The Chancellor said: "Over time and as the economy recovers we absolutely need to have an eye on our public finances and to make sure that we are in a strong and sustainable position."

He said decisions taken by previous chancellors - an apparent reference to the austerity measures since 2010 - had put the public finances in a position to allow him to act.

"That's what enabled me to react in this particular way, it reminds us of the importance of repairing public finances, having a strong economy, so that when problems like this come along you can throw a lot at them.

"But I will obviously have to make similar difficult decisions in the future as we get on a path back to sustainability, but right now the priority is supporting the economy, throwing everything we have got at protecting people's jobs and that's what I will continue to do."

Boris Johnson, who was not in the House of Commons chamber while the chancellor delivered his statement, said he fully supports the "creative and imaginative" measures.

Mr Johnson, who was visiting a police training facility in Northamptonshire, explained his absence, saying he was "setting out the vital collolery of those measures. They won't help unless everyone works together, we all work together to drive the virus down."

The new support was announced with just five weeks remaining before the furlough scheme is due to finish.

Mr Sunak said his goal remains "to support people's jobs" but added it would be "fundamentally wrong to hold people in jobs that only exist inside the furlough".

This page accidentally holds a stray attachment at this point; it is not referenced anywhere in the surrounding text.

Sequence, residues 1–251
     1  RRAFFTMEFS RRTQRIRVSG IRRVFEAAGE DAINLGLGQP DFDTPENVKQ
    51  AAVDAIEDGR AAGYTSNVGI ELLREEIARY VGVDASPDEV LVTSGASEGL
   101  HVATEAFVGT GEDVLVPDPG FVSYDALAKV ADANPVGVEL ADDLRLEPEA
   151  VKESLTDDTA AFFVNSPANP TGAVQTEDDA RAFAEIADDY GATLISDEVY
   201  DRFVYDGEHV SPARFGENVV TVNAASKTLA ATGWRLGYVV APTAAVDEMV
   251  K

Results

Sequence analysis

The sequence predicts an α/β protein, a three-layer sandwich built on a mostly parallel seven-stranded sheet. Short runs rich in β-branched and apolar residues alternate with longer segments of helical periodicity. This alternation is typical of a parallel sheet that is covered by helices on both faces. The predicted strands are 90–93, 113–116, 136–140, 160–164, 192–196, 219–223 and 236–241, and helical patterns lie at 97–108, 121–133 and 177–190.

He acknowledged the new scheme is "different" to furlough because it involves the financial burden of coronavirus being shared by the state, the employer and the employee.

The Institute for Fiscal Studies think tank said the new Job Support Scheme was “significantly less generous” than the furlough system it replaces.

IFS director Paul Johnson said Mr Sunak is "trying to plot a difficult path between supporting viable jobs while not keeping people in jobs that will not be there once we emerge from the crisis".

“With employers now having to pay at least 55% of the normal wages of their employees it is clear that many jobs will be lost over the coming months.”

He added: “But it is significantly less generous than the furlough scheme it replaces, though remarkably the Chancellor provided no indication of the likely cost of the scheme.

The IFS suggested that the end of the furlough scheme will translate into “sharply rising unemployment” as jobs which relied on the state funding will cease to exist.

The Winter Economy Plan Credit: HMT

So far the government has paid the wages of nearly 12 million people and supported one million businesses.

It is estimated that almost 750,000 jobs have been lost in the UK during the coronavirus pandemic, despite the government spending more than £190 billion protecting the economy.

Mr Sunak announced the measures amid mounting pressure to extend financial support after the prime minister brought in a raft of coronavirus measures - including a curfew on pubs, restaurants and other hospitality businesses - which he said will be in place for six months.

Critics said the new restrictions, which are likely to have a huge impact on the hospitality, tourism and entertainment industry, should have been announced in tandem with extra support for the most effected businesses.

The chancellor cancelled this year’s Budget and is instead focusing on protecting millions of jobs in sectors hit by the latest Government guidance on Covid-19.

Watch Chancellor Rishi Sunak's statement in the Commons in full: